In 10 years of career coaching, I’ve learned one simple truth that can change your whole world: it’s not your job, or your company, or your boss — it’s you.
You control your happiness.
Now before you close this down disgusted, hear me out.
I talked the other day about job descriptions being static and humans being dynamic and that the greatest thing you can do is to be dynamic in a static job. Let me add to that:
Satisfaction at work comes from congruence and the resulting energy — when you do what you do best you feel energy from doing it and, thus, satisfied. Congruence comes from authenticity — or being more of who you are and less of who you aren’t — and authenticity comes from self-knowledge. And who controls self-knowledge? You.
“But my job doesn’t align with my strengths!” Of course it doesn’t — it wasn’t written for your strengths. It was written for a nameless, faceless, generic individual and you chose the job. It’s now on you to bring yourself to it and make it great.
“But my boss doesn’t get me and micromanages.” Nine times out of 10 your boss doesn’t get you because you don’t even get you. You don’t know you well enough to help them see you in a different way. They micromanage because either 1) they don’t know what you do well and what you don’t and, therefore, how to manage you, 2) they don’t know themselves as a leader and so they lean on industrial-era management or techniques learned from a TV show, or 3) they don’t see you doing your job (which you aren’t doing because you don’t enjoy it because you aren’t bringing your whole self to it) and so they don’t know what else to do. Or all three.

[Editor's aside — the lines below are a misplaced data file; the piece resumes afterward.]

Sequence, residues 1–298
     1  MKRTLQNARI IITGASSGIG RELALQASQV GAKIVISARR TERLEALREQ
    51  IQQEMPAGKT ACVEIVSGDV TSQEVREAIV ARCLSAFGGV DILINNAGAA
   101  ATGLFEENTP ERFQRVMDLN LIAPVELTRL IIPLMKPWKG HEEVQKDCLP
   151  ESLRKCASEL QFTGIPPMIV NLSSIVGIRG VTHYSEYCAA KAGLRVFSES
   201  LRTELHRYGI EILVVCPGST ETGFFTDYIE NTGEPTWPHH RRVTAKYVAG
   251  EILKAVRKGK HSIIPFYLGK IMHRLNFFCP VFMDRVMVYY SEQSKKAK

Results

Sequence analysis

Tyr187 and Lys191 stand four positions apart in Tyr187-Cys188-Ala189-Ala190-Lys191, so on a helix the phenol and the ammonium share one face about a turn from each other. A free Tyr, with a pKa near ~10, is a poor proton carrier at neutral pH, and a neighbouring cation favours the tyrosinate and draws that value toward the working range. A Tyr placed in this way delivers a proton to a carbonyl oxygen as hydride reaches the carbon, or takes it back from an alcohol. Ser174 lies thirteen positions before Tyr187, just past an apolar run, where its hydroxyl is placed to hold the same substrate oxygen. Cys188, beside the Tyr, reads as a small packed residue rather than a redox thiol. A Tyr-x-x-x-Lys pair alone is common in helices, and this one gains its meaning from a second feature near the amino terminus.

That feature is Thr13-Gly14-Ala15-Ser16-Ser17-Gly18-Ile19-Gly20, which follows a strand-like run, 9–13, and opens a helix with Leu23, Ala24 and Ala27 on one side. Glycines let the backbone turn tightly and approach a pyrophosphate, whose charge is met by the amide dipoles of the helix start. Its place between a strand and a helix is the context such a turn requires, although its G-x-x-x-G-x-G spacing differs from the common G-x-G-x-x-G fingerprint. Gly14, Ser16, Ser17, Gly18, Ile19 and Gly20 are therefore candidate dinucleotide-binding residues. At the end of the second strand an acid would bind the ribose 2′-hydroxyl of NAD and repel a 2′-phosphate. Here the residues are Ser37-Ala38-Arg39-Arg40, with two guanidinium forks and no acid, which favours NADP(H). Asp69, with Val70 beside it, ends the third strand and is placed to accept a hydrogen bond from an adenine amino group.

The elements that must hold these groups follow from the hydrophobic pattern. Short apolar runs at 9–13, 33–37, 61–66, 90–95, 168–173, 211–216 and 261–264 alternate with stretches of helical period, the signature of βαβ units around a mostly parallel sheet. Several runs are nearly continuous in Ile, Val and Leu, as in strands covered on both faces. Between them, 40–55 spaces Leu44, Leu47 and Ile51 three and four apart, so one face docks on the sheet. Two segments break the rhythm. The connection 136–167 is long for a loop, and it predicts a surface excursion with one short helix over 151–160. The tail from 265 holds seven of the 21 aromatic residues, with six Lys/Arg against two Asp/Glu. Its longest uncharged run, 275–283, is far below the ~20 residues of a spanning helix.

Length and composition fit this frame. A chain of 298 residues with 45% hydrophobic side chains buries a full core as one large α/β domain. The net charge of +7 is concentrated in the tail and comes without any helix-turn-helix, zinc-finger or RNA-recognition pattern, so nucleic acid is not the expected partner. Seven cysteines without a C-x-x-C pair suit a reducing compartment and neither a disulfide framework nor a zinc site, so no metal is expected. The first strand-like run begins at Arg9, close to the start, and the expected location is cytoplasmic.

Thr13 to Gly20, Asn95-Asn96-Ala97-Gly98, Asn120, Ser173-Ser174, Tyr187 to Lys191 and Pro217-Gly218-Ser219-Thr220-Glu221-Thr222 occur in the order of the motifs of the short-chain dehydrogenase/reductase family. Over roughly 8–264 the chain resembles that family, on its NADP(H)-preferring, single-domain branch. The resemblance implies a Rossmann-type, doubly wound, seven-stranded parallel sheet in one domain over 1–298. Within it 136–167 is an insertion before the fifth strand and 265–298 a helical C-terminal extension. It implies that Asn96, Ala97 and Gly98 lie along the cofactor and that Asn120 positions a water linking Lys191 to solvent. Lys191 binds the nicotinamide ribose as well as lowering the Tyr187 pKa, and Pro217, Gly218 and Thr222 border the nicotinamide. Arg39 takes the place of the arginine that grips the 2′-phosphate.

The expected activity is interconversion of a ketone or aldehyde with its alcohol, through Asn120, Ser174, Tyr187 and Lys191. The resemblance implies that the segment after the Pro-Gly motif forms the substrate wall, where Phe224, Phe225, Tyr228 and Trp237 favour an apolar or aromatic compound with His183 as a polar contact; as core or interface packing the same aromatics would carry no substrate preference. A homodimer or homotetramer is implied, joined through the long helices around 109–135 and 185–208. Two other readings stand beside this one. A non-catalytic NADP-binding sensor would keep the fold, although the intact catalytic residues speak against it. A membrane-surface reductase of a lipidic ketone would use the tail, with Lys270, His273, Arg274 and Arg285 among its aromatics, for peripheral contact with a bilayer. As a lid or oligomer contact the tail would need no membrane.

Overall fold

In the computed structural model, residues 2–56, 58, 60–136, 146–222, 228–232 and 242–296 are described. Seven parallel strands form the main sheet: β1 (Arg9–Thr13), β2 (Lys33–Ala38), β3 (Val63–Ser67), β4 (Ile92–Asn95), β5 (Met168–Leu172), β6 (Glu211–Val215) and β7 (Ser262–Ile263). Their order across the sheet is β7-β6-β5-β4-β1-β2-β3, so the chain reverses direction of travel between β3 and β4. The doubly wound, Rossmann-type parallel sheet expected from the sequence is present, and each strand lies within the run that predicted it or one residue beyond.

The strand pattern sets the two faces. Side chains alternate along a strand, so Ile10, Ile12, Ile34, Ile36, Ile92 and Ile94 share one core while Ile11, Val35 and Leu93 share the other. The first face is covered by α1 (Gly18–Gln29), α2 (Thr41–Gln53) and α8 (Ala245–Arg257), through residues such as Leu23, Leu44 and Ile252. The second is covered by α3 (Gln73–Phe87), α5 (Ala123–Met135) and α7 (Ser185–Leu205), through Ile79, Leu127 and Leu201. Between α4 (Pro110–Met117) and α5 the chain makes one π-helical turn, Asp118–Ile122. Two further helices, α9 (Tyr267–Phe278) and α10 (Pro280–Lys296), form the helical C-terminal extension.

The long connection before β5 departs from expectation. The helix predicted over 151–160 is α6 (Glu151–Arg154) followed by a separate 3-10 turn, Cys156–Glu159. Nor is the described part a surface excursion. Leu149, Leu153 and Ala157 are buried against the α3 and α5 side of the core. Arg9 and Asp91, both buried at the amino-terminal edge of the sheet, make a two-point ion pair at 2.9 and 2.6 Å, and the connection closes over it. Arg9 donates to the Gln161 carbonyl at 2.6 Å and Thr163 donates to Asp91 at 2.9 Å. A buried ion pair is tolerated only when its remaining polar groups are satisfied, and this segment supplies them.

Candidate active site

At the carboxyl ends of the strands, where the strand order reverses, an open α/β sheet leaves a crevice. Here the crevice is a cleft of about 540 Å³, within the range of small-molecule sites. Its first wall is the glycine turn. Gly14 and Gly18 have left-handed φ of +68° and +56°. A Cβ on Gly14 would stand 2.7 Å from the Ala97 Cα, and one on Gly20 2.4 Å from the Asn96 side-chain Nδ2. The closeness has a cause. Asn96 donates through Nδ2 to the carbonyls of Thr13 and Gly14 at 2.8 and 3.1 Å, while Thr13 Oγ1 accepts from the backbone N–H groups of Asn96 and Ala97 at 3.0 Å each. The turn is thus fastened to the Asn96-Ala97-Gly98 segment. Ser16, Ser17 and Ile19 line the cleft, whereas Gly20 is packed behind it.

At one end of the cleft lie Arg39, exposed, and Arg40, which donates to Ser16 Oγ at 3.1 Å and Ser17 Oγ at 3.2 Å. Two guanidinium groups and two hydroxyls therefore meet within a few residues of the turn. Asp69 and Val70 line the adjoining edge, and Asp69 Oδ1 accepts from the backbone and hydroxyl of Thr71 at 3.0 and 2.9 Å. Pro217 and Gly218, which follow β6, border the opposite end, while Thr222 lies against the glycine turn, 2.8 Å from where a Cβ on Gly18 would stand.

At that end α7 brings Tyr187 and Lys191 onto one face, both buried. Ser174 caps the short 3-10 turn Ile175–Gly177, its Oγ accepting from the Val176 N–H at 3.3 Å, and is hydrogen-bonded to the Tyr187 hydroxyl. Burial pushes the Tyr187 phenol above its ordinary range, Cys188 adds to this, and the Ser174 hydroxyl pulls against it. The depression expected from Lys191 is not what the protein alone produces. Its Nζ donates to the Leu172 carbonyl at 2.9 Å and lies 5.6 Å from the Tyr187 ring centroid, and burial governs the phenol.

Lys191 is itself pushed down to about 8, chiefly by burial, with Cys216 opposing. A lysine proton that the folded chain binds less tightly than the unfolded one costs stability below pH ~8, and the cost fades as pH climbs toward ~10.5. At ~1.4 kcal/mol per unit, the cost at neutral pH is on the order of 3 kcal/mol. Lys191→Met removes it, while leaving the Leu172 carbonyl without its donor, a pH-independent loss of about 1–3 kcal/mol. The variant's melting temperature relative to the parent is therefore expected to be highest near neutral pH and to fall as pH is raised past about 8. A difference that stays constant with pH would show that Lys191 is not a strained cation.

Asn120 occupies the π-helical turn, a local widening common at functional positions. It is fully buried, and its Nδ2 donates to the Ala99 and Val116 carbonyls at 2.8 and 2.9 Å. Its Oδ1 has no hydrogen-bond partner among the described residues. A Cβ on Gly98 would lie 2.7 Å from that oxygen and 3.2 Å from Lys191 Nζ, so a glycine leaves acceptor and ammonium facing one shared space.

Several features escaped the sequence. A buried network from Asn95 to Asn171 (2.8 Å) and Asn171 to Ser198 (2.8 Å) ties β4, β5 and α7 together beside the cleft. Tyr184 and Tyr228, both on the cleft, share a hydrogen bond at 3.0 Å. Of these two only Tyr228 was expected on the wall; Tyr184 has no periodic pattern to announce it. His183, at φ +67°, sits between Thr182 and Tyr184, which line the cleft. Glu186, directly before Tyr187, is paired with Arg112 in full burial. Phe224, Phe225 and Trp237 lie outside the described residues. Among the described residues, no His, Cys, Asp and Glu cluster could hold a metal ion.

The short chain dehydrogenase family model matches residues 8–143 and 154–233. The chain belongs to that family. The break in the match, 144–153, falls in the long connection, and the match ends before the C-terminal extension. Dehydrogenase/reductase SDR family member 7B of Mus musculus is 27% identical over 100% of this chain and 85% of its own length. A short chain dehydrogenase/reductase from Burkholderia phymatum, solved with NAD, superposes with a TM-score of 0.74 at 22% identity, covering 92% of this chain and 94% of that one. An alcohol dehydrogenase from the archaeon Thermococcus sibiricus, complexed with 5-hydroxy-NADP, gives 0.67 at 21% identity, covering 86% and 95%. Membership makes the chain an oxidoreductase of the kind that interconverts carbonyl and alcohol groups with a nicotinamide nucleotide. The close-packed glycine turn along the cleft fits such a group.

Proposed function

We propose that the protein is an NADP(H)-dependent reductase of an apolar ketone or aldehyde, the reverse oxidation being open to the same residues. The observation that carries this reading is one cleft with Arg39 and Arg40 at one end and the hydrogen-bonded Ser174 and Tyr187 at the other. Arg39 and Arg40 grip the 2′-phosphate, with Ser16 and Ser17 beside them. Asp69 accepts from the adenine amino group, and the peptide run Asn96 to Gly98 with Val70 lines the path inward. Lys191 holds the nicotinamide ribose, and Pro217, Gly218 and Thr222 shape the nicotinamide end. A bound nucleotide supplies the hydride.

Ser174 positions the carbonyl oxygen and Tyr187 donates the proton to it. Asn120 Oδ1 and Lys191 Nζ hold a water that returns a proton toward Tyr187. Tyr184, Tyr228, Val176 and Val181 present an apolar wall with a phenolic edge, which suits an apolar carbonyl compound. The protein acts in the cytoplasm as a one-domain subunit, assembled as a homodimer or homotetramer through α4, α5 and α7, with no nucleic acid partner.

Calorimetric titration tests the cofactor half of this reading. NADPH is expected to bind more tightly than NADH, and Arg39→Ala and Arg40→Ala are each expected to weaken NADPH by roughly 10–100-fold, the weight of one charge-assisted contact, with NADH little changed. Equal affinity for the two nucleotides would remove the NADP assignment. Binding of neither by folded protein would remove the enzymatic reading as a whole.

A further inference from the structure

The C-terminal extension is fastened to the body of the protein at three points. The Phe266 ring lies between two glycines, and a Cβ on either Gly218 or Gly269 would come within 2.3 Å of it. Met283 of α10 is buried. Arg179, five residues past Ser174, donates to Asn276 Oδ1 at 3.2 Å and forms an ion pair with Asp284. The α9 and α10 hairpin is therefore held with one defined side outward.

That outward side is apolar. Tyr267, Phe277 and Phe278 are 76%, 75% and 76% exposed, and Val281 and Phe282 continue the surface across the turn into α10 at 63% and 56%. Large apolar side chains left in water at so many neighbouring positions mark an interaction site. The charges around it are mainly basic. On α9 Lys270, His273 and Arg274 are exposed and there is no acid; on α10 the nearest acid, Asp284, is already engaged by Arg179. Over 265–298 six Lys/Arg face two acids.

You have the power to change it. And the key is:
1) get clear about who you are and what you do best
2) get clear about the outcomes or expectations in your job, and…
3) figure out how to get those outcomes by doing what you do best.
Number 3 is the tough part, but you can do it. Trust me. It takes some creativity, human ingenuity, reflection, and effort but if you really want to figure out how to do more of what you love in a finite structure you can do it.
Oh, but one word of caution: As with most things that matter, the payoff is gradual over time. You might feel an immediate reward in the form of a boost of energy but “they” might not see it and reward you immediately. See, change is tough. Even good change. So be patient, do what you do, and if it doesn’t improve then get out and try something new.
Hi! I'm Dustin.
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